Hands-on with the promising next generation of Madden NFL 25

Madden NFL 25 is one of two EA Sports titles launching on both current-generation and next-generation consoles this year. When publisher Electronic Arts was last in this position — at the start of the current generation in 2005 — the Xbox 360 version of the game looked better than the Xbox version, but was missing some major features that its previous-generation counterpart included.

According to EA, the situation is completely different this time around, thanks to its new EA Sports Ignite engine. Representatives from the company told Polygon during E3 that Madden 25 on Xbox One and PlayStation 4 will not only match the feature set of the current-generation versions of the game: developer EA Tiburon is building features on top of the existing game that will appear only on the new consoles launching later this year.

Better graphics is the most immediately apparent upgrade that new hardware brings, and what we saw of Madden 25 on Xbox One didn't disappoint. The game renders a football field full of individual blades of grass, over the course of a game, you'll see the field degrade appropriately in high-traffic areas. A developer panned the camera from the pristine end zone all the way to the patchy grass near the 50-yard line, and zoomed in on Redskins quarterback Robert Griffin III to show off the game's greatly increased visual detail.

Madden 25 on next-gen consoles includes the improvements Tiburon is making to the current-gen game this year, such as the second iteration of the studio's Infinity Engine for real-time physics and the new running controls called Run Free. But according to Tiburon, those elements will be better on next-gen due to the consoles' increased computing power and the way Ignite takes advantage of it.

That manifests in areas like the calculations of player movement. Tiburon turned on debug visuals for our demo to point out the fidelity with which Madden 25 tracks where players plant their feet; according to the studio, the tracking is five times as precise on next-gen. The game engine also keeps track of the locations of all 22 players on a field and where they're going, and that anticipation allows it to produce better-looking collisions between players. And with the increase in memory offered by next-gen systems, Madden 25 can maintain a larger bank of animations, which makes the chaining of running moves (like jukes and spins) look more fluid and realistic.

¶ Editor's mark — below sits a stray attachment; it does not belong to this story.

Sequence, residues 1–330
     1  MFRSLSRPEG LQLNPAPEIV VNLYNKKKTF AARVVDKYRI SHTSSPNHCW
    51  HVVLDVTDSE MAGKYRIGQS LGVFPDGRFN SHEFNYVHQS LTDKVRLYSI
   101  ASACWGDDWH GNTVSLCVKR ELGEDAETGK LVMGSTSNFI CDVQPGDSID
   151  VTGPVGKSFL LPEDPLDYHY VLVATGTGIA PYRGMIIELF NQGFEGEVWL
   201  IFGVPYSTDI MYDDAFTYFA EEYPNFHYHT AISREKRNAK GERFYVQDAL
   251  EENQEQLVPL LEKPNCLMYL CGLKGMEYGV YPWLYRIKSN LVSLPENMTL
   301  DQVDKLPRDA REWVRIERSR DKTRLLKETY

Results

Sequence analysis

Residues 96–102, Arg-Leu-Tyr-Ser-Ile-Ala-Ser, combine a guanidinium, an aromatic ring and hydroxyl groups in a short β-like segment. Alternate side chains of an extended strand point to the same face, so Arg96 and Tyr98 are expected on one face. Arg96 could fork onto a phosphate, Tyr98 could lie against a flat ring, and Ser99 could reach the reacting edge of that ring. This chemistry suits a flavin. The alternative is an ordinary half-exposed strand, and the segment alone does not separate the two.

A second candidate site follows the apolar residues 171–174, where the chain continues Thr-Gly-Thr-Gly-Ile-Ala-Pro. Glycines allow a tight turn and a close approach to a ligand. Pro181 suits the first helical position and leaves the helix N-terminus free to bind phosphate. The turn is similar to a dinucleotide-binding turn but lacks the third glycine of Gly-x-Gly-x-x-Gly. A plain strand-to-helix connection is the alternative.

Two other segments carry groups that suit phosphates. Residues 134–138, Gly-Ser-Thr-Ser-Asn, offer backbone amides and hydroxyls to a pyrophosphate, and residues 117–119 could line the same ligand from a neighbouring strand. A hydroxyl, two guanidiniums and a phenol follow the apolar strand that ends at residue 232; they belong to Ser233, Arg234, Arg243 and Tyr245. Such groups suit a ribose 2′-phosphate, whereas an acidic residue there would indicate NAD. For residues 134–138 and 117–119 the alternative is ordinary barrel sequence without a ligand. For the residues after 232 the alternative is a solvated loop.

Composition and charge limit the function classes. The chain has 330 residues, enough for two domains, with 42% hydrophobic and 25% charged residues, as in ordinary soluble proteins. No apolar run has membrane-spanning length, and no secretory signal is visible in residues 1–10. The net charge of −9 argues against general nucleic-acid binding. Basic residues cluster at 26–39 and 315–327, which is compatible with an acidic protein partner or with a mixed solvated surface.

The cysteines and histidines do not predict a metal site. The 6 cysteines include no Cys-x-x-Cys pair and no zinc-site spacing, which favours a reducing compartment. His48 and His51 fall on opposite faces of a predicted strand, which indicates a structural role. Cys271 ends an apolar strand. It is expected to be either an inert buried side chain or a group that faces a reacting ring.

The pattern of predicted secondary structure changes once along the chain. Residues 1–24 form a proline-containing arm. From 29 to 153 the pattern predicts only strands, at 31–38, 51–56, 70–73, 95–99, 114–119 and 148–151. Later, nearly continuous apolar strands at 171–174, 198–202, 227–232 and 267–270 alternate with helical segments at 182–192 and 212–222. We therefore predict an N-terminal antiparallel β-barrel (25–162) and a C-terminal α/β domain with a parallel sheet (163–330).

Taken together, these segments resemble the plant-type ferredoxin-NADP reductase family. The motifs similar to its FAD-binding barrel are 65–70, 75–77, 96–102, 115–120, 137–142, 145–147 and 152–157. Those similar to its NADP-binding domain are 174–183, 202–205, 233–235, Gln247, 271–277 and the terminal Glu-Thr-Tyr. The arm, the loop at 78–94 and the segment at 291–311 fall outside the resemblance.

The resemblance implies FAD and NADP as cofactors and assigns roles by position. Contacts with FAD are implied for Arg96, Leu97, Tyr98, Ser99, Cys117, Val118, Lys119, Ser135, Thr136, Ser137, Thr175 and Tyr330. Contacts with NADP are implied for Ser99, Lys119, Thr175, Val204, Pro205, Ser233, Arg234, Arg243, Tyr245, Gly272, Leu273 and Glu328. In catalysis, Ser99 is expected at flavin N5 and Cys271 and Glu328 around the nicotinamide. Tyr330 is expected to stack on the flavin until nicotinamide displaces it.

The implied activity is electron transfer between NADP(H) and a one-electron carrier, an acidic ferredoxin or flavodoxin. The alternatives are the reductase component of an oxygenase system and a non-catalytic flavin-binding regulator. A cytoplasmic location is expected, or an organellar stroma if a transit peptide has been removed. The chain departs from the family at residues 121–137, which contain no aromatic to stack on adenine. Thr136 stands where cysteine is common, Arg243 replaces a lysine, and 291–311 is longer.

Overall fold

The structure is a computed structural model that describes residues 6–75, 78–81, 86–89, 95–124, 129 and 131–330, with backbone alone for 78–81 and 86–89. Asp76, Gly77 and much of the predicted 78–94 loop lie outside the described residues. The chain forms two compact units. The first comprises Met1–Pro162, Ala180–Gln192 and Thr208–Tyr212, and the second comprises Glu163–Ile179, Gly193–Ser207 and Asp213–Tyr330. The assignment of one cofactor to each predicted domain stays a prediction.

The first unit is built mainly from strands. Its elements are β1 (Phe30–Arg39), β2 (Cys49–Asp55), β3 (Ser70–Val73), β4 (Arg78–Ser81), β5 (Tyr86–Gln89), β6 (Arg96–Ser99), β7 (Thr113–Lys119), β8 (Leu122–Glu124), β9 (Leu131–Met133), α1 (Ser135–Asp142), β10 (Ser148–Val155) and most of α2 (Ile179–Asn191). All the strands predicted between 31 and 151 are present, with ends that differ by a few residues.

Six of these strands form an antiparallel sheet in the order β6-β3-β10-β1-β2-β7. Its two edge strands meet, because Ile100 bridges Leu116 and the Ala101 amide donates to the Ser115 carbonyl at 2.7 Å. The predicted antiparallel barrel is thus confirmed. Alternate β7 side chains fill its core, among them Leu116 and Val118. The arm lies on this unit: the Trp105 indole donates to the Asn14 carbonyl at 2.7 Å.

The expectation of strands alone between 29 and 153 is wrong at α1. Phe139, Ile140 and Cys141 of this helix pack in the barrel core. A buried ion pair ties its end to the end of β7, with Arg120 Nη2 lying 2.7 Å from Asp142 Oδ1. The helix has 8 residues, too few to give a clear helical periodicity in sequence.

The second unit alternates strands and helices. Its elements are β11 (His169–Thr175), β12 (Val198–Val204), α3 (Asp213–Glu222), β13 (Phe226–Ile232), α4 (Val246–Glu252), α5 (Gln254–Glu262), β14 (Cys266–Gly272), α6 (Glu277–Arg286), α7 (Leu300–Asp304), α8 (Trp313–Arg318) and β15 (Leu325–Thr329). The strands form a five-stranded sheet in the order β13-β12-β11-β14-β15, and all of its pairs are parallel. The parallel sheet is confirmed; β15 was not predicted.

But the most impressive and promising feature we saw is exclusive to the next-generation version of Madden 25. Pass blocking, a perennial bugaboo for the franchise, is finally getting some huge upgrades on the new consoles. We spoke with Clint Oldenburg, a designer at Tiburon who played as an offensive lineman in the NFL and was put to work on blocking in Madden when he joined the studio, about the improvements being made to pass blocking.

Oldenburg showed us icons on the offensive linemen and defense that indicated each lineman's ever-shifting awareness of oncoming defenders. The offensive linemen know how deep the pocket around the quarterback should be, depending on the play you've called, and will track defenders so they can shift focus to higher priorities and imminent threats (like a blitzing linebacker). They also have the intelligence to double-team defenders for the first time in franchise history. According to Oldenburg, Tiburon hopes the combination of these features will encourage users to step up in the pocket like a real quarterback, instead of running backward to avoid the defense.

After Tiburon's presentation, we got the chance to try out rushing plays in a practice environment. Madden NFL 13 felt like a vastly different game from its predecessors because of the Infinity Engine, and while the next-generation version of this year's game didn't seem like as big an upgrade in this specific area, it was noticeably better in every way. That's what we should get from the next generation, and it was tremendously exciting to get a glimpse of it at E3.

Madden NFL 25 will be released Aug. 27 on PlayStation 3 and Xbox 360, and will be a launch title on both PS4 and Xbox One.

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